6 Oak Knoll Students Pilot National Civic Engagement Program

A new program at Oak Knoll School of the Holy Child kicked off this week in the hopes to help empower future generations of female changemakers.

The Upper School History Department is taking part in the newly implemented national Close Up Washington DC’s Empowering Female Voices: President’s First 100 Days program. This collaborative program is offered in partnership with the National Coalition of Girls’ Schools and the Hockaday Institute for Social Impact.

“The History Department is excited that our students have this opportunity,” said Oak Knoll School History Department Chair Nicole Johnston. “The program allows our students to collaborate with other students across the country and world. Each session will also teach them important new skills and competencies. We are looking forward to our six students bringing their experience back to Oak Knoll.”

With the new presidential administration’s transition to power, the program offers girls from different backgrounds opportunities to take part in a fast-moving period of national conversation and action. Its goal is to help girls develop empathy for the perspectives of others while building skills and confidence along the way.

The six, 75-minute program sessions led by Close Up instructors take place virtually every Monday and Thursday evening through February 11.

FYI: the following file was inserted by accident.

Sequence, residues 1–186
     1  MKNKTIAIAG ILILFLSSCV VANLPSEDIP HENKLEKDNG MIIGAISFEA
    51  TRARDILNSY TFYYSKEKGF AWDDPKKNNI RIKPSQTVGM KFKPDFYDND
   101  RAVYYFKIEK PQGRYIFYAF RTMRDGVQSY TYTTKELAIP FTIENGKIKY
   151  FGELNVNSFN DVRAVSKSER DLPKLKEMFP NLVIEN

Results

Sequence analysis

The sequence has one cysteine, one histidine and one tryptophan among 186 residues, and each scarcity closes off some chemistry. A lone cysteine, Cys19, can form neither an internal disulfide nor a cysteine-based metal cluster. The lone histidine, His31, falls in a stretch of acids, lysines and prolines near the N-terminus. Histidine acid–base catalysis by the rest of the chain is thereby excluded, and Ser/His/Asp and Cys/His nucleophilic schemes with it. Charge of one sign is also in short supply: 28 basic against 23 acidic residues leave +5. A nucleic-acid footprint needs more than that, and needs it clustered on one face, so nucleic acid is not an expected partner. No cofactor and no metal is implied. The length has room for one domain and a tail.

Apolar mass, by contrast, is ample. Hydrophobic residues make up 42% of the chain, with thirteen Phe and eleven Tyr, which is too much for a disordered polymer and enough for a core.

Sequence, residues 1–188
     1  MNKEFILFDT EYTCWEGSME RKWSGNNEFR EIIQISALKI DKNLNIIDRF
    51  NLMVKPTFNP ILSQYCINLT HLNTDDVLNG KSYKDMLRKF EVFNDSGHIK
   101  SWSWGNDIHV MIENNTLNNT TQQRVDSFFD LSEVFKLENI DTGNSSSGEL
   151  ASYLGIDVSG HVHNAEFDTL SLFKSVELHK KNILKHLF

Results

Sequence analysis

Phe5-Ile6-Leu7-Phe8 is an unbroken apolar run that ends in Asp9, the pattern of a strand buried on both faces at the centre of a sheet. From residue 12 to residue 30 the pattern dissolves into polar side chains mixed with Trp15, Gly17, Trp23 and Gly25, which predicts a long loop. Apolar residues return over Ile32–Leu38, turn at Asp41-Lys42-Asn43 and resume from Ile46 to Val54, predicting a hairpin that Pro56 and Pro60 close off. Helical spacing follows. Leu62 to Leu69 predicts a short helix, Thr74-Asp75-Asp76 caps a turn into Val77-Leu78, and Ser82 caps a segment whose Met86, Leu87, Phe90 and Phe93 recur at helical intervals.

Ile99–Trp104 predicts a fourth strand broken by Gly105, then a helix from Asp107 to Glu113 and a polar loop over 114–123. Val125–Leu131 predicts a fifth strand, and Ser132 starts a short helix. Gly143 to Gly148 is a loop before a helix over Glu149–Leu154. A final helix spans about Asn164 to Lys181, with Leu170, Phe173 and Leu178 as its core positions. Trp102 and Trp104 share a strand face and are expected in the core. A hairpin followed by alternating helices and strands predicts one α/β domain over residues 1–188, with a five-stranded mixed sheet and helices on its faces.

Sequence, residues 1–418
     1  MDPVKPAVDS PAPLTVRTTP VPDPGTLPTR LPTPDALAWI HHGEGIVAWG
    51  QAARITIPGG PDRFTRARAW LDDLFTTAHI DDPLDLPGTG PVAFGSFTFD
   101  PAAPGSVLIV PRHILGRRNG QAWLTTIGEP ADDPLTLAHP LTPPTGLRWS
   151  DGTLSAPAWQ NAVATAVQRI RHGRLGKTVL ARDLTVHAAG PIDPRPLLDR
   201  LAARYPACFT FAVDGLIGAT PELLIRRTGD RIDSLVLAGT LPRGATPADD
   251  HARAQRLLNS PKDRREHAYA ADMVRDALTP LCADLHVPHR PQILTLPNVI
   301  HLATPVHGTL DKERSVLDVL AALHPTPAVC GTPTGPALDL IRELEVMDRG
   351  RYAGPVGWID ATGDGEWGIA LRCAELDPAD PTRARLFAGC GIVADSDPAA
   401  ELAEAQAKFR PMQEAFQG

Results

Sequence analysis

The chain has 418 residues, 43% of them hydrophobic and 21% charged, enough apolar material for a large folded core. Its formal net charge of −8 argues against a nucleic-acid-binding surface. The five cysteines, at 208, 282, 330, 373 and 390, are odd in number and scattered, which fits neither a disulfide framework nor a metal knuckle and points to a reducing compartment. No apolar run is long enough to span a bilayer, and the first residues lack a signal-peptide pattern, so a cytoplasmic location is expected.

Session topics include Building an Inclusive Community and Staying Engaged after the Election, identifying a pressing national issue, developing policy proposals, hearing from experts, advocating for policies and lastly presenting proposals.

Oak Knoll students who applied and were accepted into the program, are examining the ongoing agenda of the U.S. president, sharing their own priorities, and understanding the ways in which ordinary people can influence the nation’s roadmap for the future.

Oak Knoll Senior Maura Ferrigno ’21 was attracted to the program because she said it’s an opportunity to learn about pressing world issues in a way that could be constructive and beneficial to those affected by them.

Ferrigno and her small group are currently working on creating policy for a political issue – police brutality – within the criminal justice system.

“Working with other young women who are also passionate about these issues makes me feel like I can actually make a change, instead of just learning about all the injustices in the world and not doing anything about them,” she said. “I really appreciate the experience of talking with other girls from all over the country and hearing their stories, because it brings different perspectives and ideas to such an important issue.”

Joining Ferrigno in the program are Mya Arends ’23, Leslie Atahualpa ’22, Alexandria Lopez ’24, Nesa Shamdasani ’24 and Alexandra Zukowsky ’24.